Further information is available on Cornerstone’s website: www.cornerstoneresources.com and on Twitter. For investor, corporate or media inquiries, please contact:

Investor Relations:
Mario Drolet; Email: Mario@mi3.ca; Tel. (514) 904-1333

Due to anti-spam laws, many shareholders and others who were previously signed up to receive email updates and who are no longer receiving them may need to re-subscribe at http://www.cornerstoneresources.com/s/InformationRequest.asp

Cautionary Notice:
This news release, including the discussion of the reasons for the Board’s unanimous recommendation that Cornerstone shareholders reject the Hostile Bid and not tender their Cornerstone shares thereto, contains forward-looking information and/or forwardlooking statements within the meaning of applicable securities laws (collectively, “forward looking statements”). The words “may”, “will”, “would”, “should”, “could”, “might”, “expects”, “plans”, “forecasts”, “projects”, “intends”, “trends”, “indicates”, “anticipates”, “believes”, “estimates”, “predicts”, “likely” or “potential” or the negative or other variations of these words or other comparable words or phrases, are intended to identify forward-looking statements, although not all forward-looking statements contain these words. Examples of such forward looking statements in this news release include, but are not limited to, expectations regarding Cornerstone’s and ENSA’s prospects for growth, profitability and shareholder value creation; the availability of financing to fund Cornerstone’s and SolGold’s obligations; the development costs associated with the Cascabel project; the value and trading volumes of SolGold shares; the response to, likelihood of success and consequences of the Hostile Bid; the terms of the Hostile Bid; and the availability of strategic alternative transactions emerging.

Forward-looking statements contained in this news release are based on a number of estimates and assumptions including, but not limited to: assumptions as to competitive conditions in the copper and gold mining industry; general economic conditions; Ecuador country risk; changes in laws, rules and regulations applicable to Cornerstone; and whether or not an alternative transaction financially superior to the Hostile Bid may emerge. These estimates and assumptions are made by Cornerstone as of the date of this news release in light of its experience and perceptions of historical trends, current conditions and expected future developments, as well as other factors that Cornerstone believes are appropriate and reasonable in the circumstances, but there can be no assurance that such estimates and assumptions will prove to be correct.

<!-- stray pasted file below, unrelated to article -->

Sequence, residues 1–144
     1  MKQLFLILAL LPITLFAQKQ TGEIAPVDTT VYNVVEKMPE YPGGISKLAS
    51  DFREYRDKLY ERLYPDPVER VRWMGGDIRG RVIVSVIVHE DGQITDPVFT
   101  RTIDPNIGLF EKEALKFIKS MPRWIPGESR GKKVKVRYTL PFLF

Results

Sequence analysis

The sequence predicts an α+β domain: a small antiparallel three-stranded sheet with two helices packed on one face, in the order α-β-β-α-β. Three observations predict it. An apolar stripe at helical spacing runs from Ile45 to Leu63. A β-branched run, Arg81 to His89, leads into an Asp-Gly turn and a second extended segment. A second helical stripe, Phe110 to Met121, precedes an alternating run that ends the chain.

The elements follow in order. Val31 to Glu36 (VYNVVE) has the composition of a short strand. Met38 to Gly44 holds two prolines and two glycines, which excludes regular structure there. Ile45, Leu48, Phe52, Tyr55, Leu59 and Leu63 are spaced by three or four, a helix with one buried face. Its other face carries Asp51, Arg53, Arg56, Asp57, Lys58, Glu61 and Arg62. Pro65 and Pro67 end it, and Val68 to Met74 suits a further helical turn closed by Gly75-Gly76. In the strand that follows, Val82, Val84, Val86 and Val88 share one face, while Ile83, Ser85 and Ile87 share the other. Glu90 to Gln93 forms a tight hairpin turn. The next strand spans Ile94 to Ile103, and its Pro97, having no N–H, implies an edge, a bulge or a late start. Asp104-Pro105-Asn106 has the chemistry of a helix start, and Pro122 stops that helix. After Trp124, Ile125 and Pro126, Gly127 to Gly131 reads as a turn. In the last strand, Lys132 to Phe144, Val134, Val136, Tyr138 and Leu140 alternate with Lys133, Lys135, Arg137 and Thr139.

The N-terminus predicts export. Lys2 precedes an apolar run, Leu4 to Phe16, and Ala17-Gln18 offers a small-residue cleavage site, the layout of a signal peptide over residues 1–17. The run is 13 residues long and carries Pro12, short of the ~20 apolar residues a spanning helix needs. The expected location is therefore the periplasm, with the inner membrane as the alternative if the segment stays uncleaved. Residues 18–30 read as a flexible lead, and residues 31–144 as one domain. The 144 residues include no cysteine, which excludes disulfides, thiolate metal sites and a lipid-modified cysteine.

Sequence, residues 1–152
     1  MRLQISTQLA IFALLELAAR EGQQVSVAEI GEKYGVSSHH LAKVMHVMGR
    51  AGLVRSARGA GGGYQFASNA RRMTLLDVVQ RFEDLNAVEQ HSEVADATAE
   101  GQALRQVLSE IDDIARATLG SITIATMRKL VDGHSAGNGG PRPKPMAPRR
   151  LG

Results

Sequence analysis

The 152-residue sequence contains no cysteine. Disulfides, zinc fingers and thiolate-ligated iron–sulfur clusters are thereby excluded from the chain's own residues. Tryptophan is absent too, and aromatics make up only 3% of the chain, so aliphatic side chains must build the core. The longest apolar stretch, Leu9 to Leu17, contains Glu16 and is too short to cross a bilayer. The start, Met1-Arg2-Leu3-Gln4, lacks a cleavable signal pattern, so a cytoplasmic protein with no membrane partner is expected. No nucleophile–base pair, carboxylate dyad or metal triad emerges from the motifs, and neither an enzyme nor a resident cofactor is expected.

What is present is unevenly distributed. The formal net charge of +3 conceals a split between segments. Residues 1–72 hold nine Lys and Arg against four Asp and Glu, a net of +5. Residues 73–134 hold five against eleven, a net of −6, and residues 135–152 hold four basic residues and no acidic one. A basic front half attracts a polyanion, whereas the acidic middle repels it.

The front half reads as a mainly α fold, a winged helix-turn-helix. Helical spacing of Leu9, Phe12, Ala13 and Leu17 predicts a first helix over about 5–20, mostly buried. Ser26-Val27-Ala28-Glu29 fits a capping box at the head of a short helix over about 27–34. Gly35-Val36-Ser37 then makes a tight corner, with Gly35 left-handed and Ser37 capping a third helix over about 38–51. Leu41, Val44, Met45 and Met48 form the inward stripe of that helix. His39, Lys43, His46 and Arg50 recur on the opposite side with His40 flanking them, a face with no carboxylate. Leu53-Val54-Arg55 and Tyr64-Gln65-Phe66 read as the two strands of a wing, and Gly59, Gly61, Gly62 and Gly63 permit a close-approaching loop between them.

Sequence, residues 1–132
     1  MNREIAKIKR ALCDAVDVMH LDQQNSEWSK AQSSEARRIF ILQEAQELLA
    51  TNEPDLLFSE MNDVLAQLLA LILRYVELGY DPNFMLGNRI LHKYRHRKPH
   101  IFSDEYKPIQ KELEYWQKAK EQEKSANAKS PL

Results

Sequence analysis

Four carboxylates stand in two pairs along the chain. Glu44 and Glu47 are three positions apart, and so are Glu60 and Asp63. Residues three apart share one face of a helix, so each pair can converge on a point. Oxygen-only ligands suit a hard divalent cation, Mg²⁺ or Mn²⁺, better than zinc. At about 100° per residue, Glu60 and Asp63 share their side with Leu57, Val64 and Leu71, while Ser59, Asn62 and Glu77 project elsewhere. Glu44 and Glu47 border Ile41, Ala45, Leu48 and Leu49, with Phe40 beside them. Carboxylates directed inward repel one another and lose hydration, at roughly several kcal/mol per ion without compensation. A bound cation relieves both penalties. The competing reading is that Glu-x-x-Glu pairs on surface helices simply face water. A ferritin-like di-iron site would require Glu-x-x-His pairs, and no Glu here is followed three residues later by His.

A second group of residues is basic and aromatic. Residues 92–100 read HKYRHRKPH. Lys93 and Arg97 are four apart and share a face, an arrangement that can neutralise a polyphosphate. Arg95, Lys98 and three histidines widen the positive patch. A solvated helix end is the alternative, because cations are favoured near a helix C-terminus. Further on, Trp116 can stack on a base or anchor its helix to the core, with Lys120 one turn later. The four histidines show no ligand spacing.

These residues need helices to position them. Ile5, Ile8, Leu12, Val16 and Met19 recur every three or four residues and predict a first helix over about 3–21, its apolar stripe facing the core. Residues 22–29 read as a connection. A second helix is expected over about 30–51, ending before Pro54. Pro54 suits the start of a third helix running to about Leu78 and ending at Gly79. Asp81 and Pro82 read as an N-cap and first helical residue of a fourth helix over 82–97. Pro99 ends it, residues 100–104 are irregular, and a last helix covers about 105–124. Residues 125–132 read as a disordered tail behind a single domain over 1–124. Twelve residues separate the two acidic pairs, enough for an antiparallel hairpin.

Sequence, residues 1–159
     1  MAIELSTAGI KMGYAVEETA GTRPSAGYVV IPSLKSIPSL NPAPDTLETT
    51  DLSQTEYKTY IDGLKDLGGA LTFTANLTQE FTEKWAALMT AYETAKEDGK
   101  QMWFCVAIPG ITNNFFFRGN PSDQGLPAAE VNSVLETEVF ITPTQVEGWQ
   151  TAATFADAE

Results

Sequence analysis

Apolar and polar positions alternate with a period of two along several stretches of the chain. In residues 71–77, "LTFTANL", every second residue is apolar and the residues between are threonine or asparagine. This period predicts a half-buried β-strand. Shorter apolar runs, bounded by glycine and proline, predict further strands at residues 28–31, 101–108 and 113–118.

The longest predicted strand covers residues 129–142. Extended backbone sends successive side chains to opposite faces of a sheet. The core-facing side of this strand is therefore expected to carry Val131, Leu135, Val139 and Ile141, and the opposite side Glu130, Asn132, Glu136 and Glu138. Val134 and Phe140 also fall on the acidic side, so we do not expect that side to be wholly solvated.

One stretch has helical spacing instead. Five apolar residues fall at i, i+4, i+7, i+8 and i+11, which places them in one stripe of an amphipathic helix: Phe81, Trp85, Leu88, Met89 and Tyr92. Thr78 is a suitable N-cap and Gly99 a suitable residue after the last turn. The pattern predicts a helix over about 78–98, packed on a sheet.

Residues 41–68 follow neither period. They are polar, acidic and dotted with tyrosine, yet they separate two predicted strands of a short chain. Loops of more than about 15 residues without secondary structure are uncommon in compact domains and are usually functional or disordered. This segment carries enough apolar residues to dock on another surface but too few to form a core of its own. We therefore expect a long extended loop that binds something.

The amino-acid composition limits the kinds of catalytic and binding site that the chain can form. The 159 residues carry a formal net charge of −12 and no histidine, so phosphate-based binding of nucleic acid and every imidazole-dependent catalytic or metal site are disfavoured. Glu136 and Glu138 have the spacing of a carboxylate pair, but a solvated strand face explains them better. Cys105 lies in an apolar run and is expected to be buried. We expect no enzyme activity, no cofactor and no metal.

Although Cornerstone believes that its expectations reflected in these forward looking statements are reasonable, such statements may involve unknown risks, uncertainties and other factors disclosed in our regulatory filings, which are available on the SEDAR website at www.sedar.com.  These uncertainties may cause actual results and developments to be materially different than those expressed in our forward looking statements.  Although Cornerstone believes the facts and information contained in this news release are reasonable as at the date hereof, Cornerstone does not warrant or make any representation as to the accuracy, validity or completeness of any facts or information contained herein and these statements should not be relied upon as representing its views after the date of this news release.  While Cornerstone anticipates that subsequent events may cause its views to change, it expressly disclaims any obligation to update the forward looking statements contained herein except where outcomes have varied materially from the original statements.

On Behalf of the Board,
Brooke Macdonald
President and CEO

Neither TSX Venture Exchange nor its Regulation Services Provider (as that term is defined in the policies of the TSX Venture Exchange) accepts responsibility for the adequacy or accuracy of this release.

1 Implied anticipated cost based on the SolGold Circular.

2 Assumes 5-year maturity, at-market exercise and approximately 75% volatility per FactSet.

3 SolGold's November 25, 2019 press release indicates that this standstill expires on October 15, 2020. This appears to be inconsistent with the terms of the subscription agreement between BHP and SolGold dated October 16, 2018, which provides that this standstill expires on October 19, 2020.

4 SolGold must complete a bankable feasibility study to secure 85% ownership.

5 Peter Ker, “BHP, Newcrest bypass SolGold fundraising,” The Australian Financial Review(June 5, 2020).